So if you take a pie chart of electricity generation, it looks promising! Hydroelectric is at 17% for example. [4]

But as you take a step back, and you include all types of energy that are not in the form of electrons, you end up with this much more depressing chart:

And even worse, look at how renewable energy barely keeps up with the growth rate of fossil fuels:

To summarize:  if we care about the planet, we are running out of energy, if we care about energy, we are running out of planet, if we want carbon free energy, we should have started 100 years ago.



Okay, but what does all of this has to do with our cool dystopian sci-fi stuff?

If Sci-fi is a way to explore pressing issues by projecting them into the future, I believe we are collectively under-utilizing the medium.

Based on what we know today, the dystopias and utopias that we draw should look much different.

Don't get me wrong, spaceships and sprawling polluted megacities are very cool to paint. But I think if we care about science fiction as an art form, we should try to understand the world a little bit better.


To me, science-fiction is a what-if? engine, and what makes it so great is that you try to portray everything normally past the first what-if?

Then you develop your story around it and make it look cool, congratulation you made a sci-fi film.


So here's why your 2050 dystopia is weirdly optimistic:
If your dystopia focuses on a repressive totalitarian government in a super technological mega city you are assuming that we are going to solve the energy/climate dual problem. That in itself is already science fiction! So now it's not "what if x" It's "what if x AND we solved the climate/energy problem". Same thing with interplanetary travel, you are assuming that there will be a sufficient civilization and investment to support such an industry.

Physics and engineering today tells us that your mega city in 2050 is either:

Powered by coal and divided over the issue of what to do with the climate refugees, they camp outside of the city's makeshift walls, constantly - under the watch of the super armed state police.
Powered by coal and slowly sinking into the sea. Most of the poor people live on platform boards or use briges to cross over crumbling high rises while the rich live on the hills.
Powered by renewables but only the main systems of the city are operational, hunger drove most of the population out of the city and back to the farmlands. Buildings are abandoned, cars are stripped of their engines to power agricultural machines on rudimentary biofuels. buildings are stripped of their copper to make motors for home-made wind electricity generators. The few that stay in the city are organized in Organopónicos, a system of urban agriculture that was developed during the fuel shortage following the fall of the Soviet Union in Cuba.
Powered by nuclear but it's actually one of the last operational city on earth. The population is growing concerned about the supply of Uranium and Thorium, some even say the government is hiding the fact that there is only 10 years of fuel left as the rest of the world placed an embargo on Uranium.

All of these examples are world-building based on ONE of the challenges of our time, there are many ethical, social and technological challenges to explore. That said it's clear that energy is the cornerstone of civilization, so maybe we should link it.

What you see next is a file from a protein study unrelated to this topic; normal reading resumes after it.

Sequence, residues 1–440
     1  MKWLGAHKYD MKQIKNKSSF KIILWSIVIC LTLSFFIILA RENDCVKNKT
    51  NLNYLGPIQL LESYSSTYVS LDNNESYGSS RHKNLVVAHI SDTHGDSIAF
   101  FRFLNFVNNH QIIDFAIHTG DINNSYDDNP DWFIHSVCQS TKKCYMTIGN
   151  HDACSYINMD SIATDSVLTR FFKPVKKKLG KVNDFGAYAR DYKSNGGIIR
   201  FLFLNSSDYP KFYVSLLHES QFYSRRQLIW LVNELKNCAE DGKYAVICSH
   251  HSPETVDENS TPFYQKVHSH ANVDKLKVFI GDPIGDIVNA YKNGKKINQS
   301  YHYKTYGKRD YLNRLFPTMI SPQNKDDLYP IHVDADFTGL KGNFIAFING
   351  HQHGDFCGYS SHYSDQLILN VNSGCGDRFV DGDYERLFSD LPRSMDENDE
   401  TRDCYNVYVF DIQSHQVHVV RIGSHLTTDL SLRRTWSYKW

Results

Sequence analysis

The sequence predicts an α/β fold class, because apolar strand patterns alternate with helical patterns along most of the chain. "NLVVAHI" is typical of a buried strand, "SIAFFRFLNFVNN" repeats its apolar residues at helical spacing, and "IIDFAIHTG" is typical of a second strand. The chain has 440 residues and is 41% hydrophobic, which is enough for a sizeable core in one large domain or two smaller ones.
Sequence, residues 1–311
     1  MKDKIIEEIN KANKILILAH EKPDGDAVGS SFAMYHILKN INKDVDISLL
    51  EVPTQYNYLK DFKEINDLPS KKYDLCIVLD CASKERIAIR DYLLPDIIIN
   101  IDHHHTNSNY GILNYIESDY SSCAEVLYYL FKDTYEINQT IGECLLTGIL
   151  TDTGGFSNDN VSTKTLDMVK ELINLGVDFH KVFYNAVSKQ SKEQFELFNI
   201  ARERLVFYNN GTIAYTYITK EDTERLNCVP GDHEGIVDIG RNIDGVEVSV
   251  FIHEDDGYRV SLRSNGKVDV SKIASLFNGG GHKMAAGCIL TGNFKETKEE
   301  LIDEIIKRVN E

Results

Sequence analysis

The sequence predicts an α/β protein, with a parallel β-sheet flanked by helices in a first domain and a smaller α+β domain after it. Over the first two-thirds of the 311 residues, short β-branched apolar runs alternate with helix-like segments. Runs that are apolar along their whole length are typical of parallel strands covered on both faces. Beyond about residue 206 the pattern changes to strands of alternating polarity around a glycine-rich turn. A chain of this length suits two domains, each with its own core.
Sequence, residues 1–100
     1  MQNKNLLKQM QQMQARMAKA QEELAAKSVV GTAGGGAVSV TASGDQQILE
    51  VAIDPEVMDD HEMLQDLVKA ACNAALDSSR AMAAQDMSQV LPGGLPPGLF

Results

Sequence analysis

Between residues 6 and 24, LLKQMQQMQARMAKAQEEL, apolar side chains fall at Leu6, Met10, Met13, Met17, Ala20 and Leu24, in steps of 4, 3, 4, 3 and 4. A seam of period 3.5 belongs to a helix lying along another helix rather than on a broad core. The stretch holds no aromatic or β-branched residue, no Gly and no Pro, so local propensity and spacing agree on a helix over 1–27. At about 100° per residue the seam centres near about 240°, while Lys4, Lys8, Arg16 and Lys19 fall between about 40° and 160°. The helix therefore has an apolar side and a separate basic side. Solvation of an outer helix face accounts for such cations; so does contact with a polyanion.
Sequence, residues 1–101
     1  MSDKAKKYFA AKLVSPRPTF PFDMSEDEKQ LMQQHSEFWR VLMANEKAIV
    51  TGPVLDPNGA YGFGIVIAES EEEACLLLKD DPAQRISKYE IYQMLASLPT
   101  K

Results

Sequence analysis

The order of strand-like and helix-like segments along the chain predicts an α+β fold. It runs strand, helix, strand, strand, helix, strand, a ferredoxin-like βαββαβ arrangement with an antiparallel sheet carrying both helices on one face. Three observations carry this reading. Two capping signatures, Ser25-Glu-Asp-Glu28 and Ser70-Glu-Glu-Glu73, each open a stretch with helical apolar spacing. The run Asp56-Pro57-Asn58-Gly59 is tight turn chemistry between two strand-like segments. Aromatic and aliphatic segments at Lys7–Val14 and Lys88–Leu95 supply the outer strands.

• What are the ethics of climate accountability? Who is going to pay for the damages? Are hordes of hungry displaced civilians going to siege the fossil fuel billionaires's doomsday retreats and hunt down their yatch around the world's acid oceans?
• What are the social implications of an energy descent? How would cooperation triumph over egoism? Would a low energy world be more or less democratic? How would a woman living in France see her sister across the Atlantic Ocean once all fossil fuels are banned for civilian use? Would Sailing make a comeback? In that case, wouldn't piracy also make a comeback?
• How would small communities share and access knowledge trough technology? Will they repair phones and turn them into simplistic low-energy web servers? Will human-powered velomobiles deliver news from town to town on broken roads?

I've been researching the energy/climate problem extensively for the past few months, and let me tell you; there is no miracle solution.

I'm very concerned that our imaginative output as artists almost never reflect this impending energy descent.
I'm wondering if it's because few people are aware of the problem, or is it rather that we don't know how to portray it?
I think I'm in the latter category, I want to make art that reflect this post-carbon vision of the future, but I wanted to make sure to do my research first.

How do YOU imagine 2050 to look like? 
Permaculture Utopia? Thermonuclear weapons aimed at the biggest Co2 emitting countries? Desperate measures like dropping sulfuric acid in the atmosphere [5] gone wrong?

Let me know in the comments below!



Sources:

[1] Arthur Davidson  Photochemical oxidant air pollution: A historical perspective (Studies in Environmental Science Volume 72, 1998, Pages 393-405)

[2] Up to 2015; OurWorldInData series based on UN and HYDE, after :UN population division (2015) - Medium Variant projections 2015 to 2100

[3] Causality among Energy Consumption, CO2 Emission, Economic Growth and Trade, 2015

[4] The Shift Project Data Portal

[5] A Cheap and Easy Plan to Stop Global Warming

How I discovered my love for cinematography

Article / 16 July 2018

In 2013, last year of high-school, I was in a learning spree.

At the time, I wanted to become a 3D lighting artist. I was E-mailing industry professionals all the time, asking for advice, etc.
I didn't get replies all the time, but some artists really helped.

Benjamin Venancie is one them. He is a lead lighting artist at Dreamworks and I had just asked him something along the lines of:
"On an artistic level, how does one learn about lighting? Any books or methods to recommend?"

I'm going to try my best to paraphrase and translate the answer, in a way that can help others develop their taste for cinematography.


  1. Photography: